Article

Serum Vitamin D and Risk of Bladder Cancer in the Prostate, Lung, Colorectal, and Ovarian (PLCO) Cancer Screening Trial

Nutritional Epidemiology Branch, Division of Cancer Epidemiology and Genetics, National Cancer Institute, NIH, Department of Health and Human Services, Bethesda, MD, USA.
Cancer Epidemiology Biomarkers & Prevention (Impact Factor: 4.13). 05/2012; 21(7):1222-5. DOI: 10.1158/1055-9965.EPI-12-0439
Source: PubMed

ABSTRACT

The one previous prospective study of vitamin D status and risk of urinary bladder cancer found that male smokers with low serum 25-hydroxy-vitamin D [25(OH)D] were at a nearly two-fold increased risk. We conducted an analysis of serum 25(OH)D and risk of bladder cancer in the Prostate, Lung, Colorectal, and Ovarian (PLCO) Cancer Screening Study and examined whether serum vitamin D binding protein (DBP) concentration confounded or modified the association.
Three hundred and seventy-five cases of bladder cancer were matched 1:1 with controls based on age (±5 years), race, sex, and date of blood collection (±30 days). Conditional logistic regression was used to estimate ORs and 95% confidence intervals (CI) of bladder cancer by prediagnosis levels of 25(OH)D.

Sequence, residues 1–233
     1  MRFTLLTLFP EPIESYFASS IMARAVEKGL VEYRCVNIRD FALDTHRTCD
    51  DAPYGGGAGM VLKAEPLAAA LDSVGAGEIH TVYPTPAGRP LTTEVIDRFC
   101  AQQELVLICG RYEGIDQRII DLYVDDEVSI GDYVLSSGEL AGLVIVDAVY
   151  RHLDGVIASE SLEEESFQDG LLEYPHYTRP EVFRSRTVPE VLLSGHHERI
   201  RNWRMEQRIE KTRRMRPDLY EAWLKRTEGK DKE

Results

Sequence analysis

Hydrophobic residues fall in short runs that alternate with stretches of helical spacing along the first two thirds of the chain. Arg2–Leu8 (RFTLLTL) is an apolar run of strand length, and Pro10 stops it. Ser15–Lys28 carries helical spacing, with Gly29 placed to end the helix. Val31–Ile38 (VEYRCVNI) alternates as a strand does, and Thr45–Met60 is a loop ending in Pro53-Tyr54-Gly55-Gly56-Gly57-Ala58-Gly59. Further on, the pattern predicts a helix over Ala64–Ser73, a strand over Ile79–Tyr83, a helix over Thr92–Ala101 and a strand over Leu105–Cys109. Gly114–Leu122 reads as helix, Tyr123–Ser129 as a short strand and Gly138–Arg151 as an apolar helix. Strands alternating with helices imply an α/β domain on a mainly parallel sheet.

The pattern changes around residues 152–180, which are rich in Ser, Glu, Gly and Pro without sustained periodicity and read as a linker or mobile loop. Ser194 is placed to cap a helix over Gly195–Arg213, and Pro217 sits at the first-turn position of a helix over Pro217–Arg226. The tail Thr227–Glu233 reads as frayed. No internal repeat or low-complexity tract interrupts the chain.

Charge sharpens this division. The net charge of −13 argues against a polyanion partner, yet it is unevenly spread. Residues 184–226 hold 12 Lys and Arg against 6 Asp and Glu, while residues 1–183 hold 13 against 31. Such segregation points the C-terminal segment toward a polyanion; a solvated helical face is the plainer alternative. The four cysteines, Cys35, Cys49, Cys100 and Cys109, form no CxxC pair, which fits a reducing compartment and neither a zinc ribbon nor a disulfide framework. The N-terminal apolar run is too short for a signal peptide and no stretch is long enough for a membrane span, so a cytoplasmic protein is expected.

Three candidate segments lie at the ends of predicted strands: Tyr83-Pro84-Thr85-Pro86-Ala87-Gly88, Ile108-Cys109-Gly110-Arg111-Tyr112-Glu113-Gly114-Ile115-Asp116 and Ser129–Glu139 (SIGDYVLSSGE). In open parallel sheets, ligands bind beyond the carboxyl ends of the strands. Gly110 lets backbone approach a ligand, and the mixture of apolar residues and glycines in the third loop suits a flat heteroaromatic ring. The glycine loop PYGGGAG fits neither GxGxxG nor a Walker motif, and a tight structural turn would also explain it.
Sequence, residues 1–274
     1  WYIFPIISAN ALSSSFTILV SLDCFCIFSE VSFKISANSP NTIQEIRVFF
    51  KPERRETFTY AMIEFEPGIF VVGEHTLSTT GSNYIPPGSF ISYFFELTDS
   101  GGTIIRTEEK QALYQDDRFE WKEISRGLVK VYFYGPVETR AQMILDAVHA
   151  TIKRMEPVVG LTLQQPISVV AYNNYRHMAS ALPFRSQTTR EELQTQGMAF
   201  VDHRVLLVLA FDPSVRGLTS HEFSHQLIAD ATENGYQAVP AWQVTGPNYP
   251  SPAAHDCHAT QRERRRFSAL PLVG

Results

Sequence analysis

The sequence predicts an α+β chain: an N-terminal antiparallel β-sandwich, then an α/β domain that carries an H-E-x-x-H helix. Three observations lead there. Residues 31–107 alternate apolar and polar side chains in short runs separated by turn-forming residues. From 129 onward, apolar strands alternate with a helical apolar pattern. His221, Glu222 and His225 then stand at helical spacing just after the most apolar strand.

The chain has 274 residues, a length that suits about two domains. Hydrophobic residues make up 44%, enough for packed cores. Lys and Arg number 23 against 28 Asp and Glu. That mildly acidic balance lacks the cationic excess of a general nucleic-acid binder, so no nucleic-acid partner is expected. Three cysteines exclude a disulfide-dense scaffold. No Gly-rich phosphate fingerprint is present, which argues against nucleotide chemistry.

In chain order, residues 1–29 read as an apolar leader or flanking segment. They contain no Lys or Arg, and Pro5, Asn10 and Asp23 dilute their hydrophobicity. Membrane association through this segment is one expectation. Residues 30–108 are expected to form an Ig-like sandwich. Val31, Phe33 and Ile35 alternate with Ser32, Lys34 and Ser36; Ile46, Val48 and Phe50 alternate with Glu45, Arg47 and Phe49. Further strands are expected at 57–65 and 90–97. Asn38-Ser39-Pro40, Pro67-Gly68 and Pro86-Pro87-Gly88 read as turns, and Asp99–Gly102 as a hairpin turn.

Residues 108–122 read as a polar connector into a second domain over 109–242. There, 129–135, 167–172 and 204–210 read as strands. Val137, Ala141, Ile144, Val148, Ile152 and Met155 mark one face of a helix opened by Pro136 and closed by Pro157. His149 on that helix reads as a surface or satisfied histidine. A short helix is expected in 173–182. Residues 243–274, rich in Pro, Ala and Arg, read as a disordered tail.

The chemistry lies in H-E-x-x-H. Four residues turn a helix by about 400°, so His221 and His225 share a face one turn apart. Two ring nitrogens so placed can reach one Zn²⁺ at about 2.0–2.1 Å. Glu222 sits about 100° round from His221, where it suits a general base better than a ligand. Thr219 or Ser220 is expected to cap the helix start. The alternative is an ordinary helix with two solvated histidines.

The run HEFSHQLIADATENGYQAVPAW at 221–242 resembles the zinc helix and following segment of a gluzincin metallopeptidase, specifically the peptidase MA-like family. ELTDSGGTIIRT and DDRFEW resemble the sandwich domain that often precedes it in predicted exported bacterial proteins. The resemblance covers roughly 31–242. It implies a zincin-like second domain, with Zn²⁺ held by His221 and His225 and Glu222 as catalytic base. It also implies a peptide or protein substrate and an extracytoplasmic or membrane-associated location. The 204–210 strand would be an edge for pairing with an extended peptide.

We found no strong or statistically significant association between serum 25(OH)D and bladder cancer risk (Q1 vs. Q4: OR, 0.84; 95% CI, 0.52-1.36; P(trend) = 0.56). Further adjustment for, or stratification by, serum DBP did not alter the findings, nor was there a main effect association between DBP and risk.
In contrast to an earlier report, we observed no association between vitamin D status and risk of bladder cancer; this difference could be due to the inclusion of women and nonsmokers in the current study population or due to the differences in the distribution of vitamin D concentrations between the two study populations.
These findings may contribute to future meta-analyses and help elucidate whether the vitamin D-bladder cancer association varies across populations.

Show more

We use cookies to give you the best possible experience on ResearchGate. Read our cookies policy to learn more.